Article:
It’s hard not to think about the consequences of violence, in life and even in films, when the actor you’re interviewing has a bodyguard standing outside his hotel room. But Gerard Butler, the Scottish star of movies that include 300, The Ugly Truth and RocknRolla, who was in Toronto two weeks ago to promote his new drama, Machine Gun Preacher (it opened on Friday), was unfazed.
It wasn’t his first bodyguard. When he played a Spartan king who overthrew the Persians in 2006’s 300, “there was some shouting in Iran,” he said, in a Scottish accent thick as thistles. “They felt it was disrespectful to their people, because it was heavily stylized, with the Spartans depicted as incredibly masculine and powerful, and the Persians – not.” The studio, Warner Bros., received death threats, and the actors got safety lessons from ex-secret servicemen.
This time around, Butler said, Machine Gun Preacher’s filmmakers had received “threatening phone calls from some radical organizations” – which is why his bodyguard gave me the once-over as I entered, much to Butler’s amusement. He plays the title character, Sam Childers, a real-life drug dealer turned religious orator who built and runs an orphanage in a part of the Sudan too dangerous for NGOs and the United Nations to go into. Part of his work includes rescuing kidnapped child soldiers, and he’s made some scary enemies because of his willingness to meet violence with violence.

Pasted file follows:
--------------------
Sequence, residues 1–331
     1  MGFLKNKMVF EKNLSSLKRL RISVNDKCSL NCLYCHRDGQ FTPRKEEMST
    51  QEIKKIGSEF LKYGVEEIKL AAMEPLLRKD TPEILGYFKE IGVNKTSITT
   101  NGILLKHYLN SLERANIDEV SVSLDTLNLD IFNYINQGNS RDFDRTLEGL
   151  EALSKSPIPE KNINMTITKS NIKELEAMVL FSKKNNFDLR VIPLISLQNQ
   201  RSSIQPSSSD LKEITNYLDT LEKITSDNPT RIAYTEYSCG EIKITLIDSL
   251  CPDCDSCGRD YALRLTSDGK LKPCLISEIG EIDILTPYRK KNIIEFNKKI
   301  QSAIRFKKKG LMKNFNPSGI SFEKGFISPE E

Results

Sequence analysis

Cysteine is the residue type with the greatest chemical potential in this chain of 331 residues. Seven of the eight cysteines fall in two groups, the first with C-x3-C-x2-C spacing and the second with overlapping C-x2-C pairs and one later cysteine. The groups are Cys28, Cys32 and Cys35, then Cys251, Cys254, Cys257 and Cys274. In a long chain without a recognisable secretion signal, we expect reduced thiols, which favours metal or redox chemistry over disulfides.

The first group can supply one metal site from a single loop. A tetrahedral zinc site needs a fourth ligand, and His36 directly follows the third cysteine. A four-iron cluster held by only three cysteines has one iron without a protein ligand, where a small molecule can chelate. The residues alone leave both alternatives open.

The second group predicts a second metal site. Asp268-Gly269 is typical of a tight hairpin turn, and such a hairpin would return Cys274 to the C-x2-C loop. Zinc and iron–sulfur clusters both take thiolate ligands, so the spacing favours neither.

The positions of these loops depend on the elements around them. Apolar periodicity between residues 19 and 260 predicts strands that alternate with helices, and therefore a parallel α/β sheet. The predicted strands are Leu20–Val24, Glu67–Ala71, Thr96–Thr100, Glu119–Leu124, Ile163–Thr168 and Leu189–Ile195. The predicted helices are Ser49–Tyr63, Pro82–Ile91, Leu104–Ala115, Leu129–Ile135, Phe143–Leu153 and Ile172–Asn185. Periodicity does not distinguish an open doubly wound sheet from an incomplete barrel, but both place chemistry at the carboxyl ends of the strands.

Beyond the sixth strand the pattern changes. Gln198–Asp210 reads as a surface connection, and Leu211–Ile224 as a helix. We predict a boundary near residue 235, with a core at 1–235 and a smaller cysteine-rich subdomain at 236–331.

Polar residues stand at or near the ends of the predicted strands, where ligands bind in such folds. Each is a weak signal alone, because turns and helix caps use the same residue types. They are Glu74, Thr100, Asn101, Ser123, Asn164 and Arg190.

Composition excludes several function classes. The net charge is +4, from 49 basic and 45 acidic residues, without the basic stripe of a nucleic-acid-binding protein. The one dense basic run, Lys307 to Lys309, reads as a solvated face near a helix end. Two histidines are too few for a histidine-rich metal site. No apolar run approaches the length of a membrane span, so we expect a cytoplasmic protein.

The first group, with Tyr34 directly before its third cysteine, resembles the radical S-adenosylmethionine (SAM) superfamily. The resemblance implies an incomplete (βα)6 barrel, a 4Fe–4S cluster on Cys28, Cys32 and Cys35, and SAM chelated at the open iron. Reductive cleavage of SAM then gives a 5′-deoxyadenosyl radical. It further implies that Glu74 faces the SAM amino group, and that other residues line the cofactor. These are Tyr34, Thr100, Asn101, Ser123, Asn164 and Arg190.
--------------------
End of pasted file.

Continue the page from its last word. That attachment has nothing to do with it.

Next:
The film doesn’t shy away from depicting that – from its poster, where Butler hoists his gun under red-spattered letters, to its end credits, which feature a clip of the real Childers asking, “If your family member was kidnapped, and I told you I could get them back, would you care how I did it?” Yet both Butler and the film’s German-born director, Marc Forster ( Monster’s Ball, Quantum of Solace), say they feel ambivalent about it.
“There were other posters that were more my flavour,” Forster said in a separate interview. “But I have heard that one-sheets with guns on them sell more tickets.”
Forster initially resisted Childers’s story. “I kept saying, ‘Violence creates more violence,’ ” he said. “And I thought, it’s another story about a white man going to Africa to save black children.” Still, he travelled to Pennsylvania to meet Childers, and to Sudan to see the orphanage.
“After spending time with the kids there and seeing the atrocities going on – The stories are way more brutal than in the movie, one after the next. I had to hold back. Audiences can’t digest that much – I felt I couldn’t turn my back on this story,” he said. “And I realized that, in fact, Africa and the children saved Sam. This man with no education, few financial resources, was able to change the life of hundreds. So many people today feel powerless. I felt this was inspirational, this man taking his power into his own hands.”
Forster cast Butler because he’s one of the “few leading men in Hollywood who are really masculine,” he said. “Apart from his bigness and strength, there is this wild side that Sam has too. Like, ‘Get out of my way.’ And this charisma. In his personal life there is also the dark and the light. He grew up without a father; he had a history with drugs and alcohol, as did Sam. They were good things to draw on for this character.”